Tamils celebrate Thaipoosam Cavadee in January or February with long processions throughout the island. Around the same time, the end of the harvest season is marked by feeding rice pudding to decorated cows in the festival of Pongal.Tamil fire-walking ceremonies take place throughout the year.
The abolishment of Slavery is Celebration of joy and sadness by the Creole. Chinese Spring Festival is celebrated generally in February with the standard barrage of fireworks and foodstuffs.
Maha Shivaratree lasts 3 days at the end of February and into March. It is the largest and most important Hindu festival outside of India. Most of the island's Hindus embark on a pilgrimage to the holy volcanic lake Grand Bassin, to sacrifice food and flowers and stockpile vessels of the holy water.
Independence/Republic Day is celebrated on the 12 March. Père Laval Day in September marks the anniversary of the Catholic doctor and healers’ death. Mauritian expatriates from all over the world gather at his shrine in Ste-Croix to pray.
The Hindu light-festival Divali and the Muslim Eid-ul-Fitr feast after the fasting month Ramadan mark the end of the year and usually occur shortly before Christmas.
Arab traders knew of Mauritius as early as the 10th century but never actually settled on the island. Portuguese naval explorers stumbled upon it in the event of Vasco da Gamas’ voyage around the Cape of Good Hope in 1498. When the Dutch visited in 1598, the island was virtually untouched. After 40 years of merely using it as a supply base on their route to Java, they built their first settlement. The Dutch colony, however, never really flourished, and they departed for good in 1710, leaving in their wake the extinction of the dodo and the introduction of African slaves, Java deer, wild boar, tobacco and sugar cane.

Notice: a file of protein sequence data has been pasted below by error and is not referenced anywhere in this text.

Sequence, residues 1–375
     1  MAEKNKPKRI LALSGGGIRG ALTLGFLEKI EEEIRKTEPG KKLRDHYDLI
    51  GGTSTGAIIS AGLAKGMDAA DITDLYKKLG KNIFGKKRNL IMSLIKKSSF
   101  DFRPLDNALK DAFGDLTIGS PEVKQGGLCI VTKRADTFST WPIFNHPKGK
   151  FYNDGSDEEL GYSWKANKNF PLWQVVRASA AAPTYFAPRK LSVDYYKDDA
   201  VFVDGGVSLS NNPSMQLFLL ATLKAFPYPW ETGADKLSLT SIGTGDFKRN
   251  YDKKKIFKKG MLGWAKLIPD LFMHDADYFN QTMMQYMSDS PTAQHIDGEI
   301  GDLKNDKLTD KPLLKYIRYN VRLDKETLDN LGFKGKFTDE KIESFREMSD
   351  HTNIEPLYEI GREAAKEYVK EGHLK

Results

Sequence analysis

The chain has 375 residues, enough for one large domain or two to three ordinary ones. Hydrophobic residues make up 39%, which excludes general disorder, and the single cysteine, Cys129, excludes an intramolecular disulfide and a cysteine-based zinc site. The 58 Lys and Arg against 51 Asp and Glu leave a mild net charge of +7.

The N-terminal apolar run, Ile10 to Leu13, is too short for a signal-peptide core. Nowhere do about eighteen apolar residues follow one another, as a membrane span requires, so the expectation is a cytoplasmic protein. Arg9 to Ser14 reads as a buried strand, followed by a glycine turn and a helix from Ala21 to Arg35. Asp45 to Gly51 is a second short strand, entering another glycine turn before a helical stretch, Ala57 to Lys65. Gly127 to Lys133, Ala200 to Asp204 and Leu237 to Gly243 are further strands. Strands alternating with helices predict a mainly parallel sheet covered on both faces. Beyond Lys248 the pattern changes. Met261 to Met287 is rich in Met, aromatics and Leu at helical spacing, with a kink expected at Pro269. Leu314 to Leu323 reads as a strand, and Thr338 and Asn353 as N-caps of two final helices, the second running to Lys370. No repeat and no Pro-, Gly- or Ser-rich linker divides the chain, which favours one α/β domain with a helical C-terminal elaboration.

Five years later, French captain Guillaume Dufresne d'Arsal claimed Mauritius for his king, naming it l’Ile de France and turning it over to the French East India Company as a trading base. The island blossomed under the French, but the Civil War in the American colonies, which had greatly contributed to its wealth, also attracted the attention of the British, who eventually took over the island in 1810 after an initial defeat at the Battle of Vieux Grand Port.
The British landed at a small place in the far north of the island, which was duly named “Cap Malheureux “(the Cape of Bad Luck) after the event and turned Mauritius into a British colony. After a visit by Gandhi in 1901, the talks of liberty and independence never ceased on the island, specifically the Workers Party pushed for political independence. But it took a long time for things to happen, and only after a visit to London by representatives of that same party in 1965, did England turn around.
Finally, on the 12 March 1968, it granted independence to Mauritius. The doctor Sir Seewosagur Ramgoolam was elected first Prime Minister.
Today, in 2006, elected Prime Minister is Sir Anerood Jugnauth, an Indo Mauritian. President of Mauritius is Mrs. Ameenah Gurib-Fakim.